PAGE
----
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Crow icon indicates anecdotal reports or other data crow stories and anecdotes
Ring icon indicates a banded crow; placement of colors identifies unique crows banded crows
Tree icon indicates a nightly roost nighttime crow roosts
Directional arrow indicates flying direction during daily migration morning crow migrations
Directional arrow indicates flying direction during daily migration evening crow migrations
Nest icon indicates a nest crow nests
flickr icon indicates photo flickr photos

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Seattle Crows is now on Flickr! To see your crow pictures here, add them to the Seattle Crow Project Group Pool and make sure to geotag them with the location of the sighting! They'll be automagically added to the site.

@seattlecrows is now on Twitter! Just include the tag #seattlecrows in any twitter post about a crow sighting and it will be automagically updated onto the site.

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Sightings will not appear on map immediately, the map display will be periodically updated by the administrator

Welcome to the Seattle Crow Area Mapping Project!

Have you noticed hundreds of crows streaming through the shadows at dusk, or witnessed a crow harass a bald eagle? Crows are all around us and it seems that everyone has at least one story to tell. If you do too, here is your chance! I've created an interactive website enabling citizen scientists to share their observations of daily migrations, nightly roosts, banded crows, and more, with scientists and each other. The ultimate goals of the project are to involve more people in the process of scientific discovery and explore our cultural fascination with our corvid neighbors. During this process I hope we will build a useful database of crow happenings in the Puget Sound region and beyond. Sightings can be submitted and accessed from a map on the website, via Twitter, or by posting photos to Flickr. Help us collect data on these fascinating birds!

Published in Earthcare Northwest, the official newsletter of Seattle Audubon, site by Eric Collins (rec3141@gmail.com)

This project is sponsored by Prof. John Marzluff in the College of Forestry Resources at the University of Washington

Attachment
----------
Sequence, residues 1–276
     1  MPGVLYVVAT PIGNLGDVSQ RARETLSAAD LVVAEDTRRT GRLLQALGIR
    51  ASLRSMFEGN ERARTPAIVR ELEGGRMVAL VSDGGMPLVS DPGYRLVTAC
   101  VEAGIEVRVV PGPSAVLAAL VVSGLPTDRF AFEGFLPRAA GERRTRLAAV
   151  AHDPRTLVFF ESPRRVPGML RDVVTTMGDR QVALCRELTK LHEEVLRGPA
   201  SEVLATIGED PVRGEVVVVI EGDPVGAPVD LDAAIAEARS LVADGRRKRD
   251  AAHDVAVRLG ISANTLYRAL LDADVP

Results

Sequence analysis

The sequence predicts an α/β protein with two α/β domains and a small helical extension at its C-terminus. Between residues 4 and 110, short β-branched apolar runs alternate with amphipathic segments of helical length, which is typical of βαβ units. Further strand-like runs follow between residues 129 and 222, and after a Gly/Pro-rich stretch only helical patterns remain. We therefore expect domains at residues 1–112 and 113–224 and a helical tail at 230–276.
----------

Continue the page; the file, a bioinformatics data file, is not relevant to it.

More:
Last sightings (view all)
2014-12-18
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Hanging out with two unbanded crows. All were forging in a lawn. And looked good.
2014-12-16
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Around dusk, in this case 4PM, every day we have a massive migration of crows which is a nonstop stream for maybe 45min. They are flying North along the east edge of Lake WA. It's like a Hitchcock movie. Are they heading up to roost each night at a landfill?
2014-12-11
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roost of hundreds possibly thousands
2014-12-08
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I saw what must have been thousands of crows hanging out in the harbor just after sunset, with more coming in with flocks that looked like rivers in the sky. I have a picture of just a small fraction of these crows if anyone wants to see it (over a hundred are visible in the photo)
2014-11-24
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This banded crow was with two other un-banded crows in the parking lot of 5 Guys Burgers and Fries. They were all getting handouts. It was curious and looked healthy.
2014-11-23
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With a group of about 10 crows. I spotted it with another banded crow in the area. The other had L-green and dark blue R-yellow and red. I spotted them around 11:30
2014-11-20
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Gathering with a group of crows. There are about 15 of them. It's a bit early (14:00) but I'm guessing they are gathering before they head NE to roost. Perhaps it's because it has been overcast all day.
2014-11-20
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Gathering with a group of crows. There are about 15 of them. It's a bit early (14:00) but I'm guessing they are gathering before they head NE to roost. Perhaps it's because it has been overcast all day.
2014-11-14
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Every morning, at 7:30am, I walk from my home on the corner of 44th and Francis Ave to the #5 bus on the corner of N 46th st and Phinney Ave N. Every morning, I walk with a friend and eat string cheese for breakfast. There has been what I think is the same crow that follows me. I feed him the string cheese by throwing a piece on the ground. He waits for me to walk forward a bit, then hops down and grabs the food when I'm about 20 feet away. I repeat this until I get to the busy bus stop. By this point, he usually picks a spot and watches me until I get on the bus. Some mornings, he doesn't show up, but most he does. Since daylight savings time, I've seen him less than usual. I believe the time change messed up our routine. It is light out when I leave the house still, though. The Location of the sighting is where I notice that a lot of crows seem to live. There is a tree across the street from my house that they always seem to be going in and out of. I would say there is anywhere from 10 to 30 crows. They eat any food I throw out for them after I've departed the area.
2014-11-13
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This crow was perched on a power line then swooped down to catch some food in it's beak. There were about 15 other crows foraging together. The banned crow was on the periphery of the group. All of it's bands looked to be worn.
Last Tweets (view all)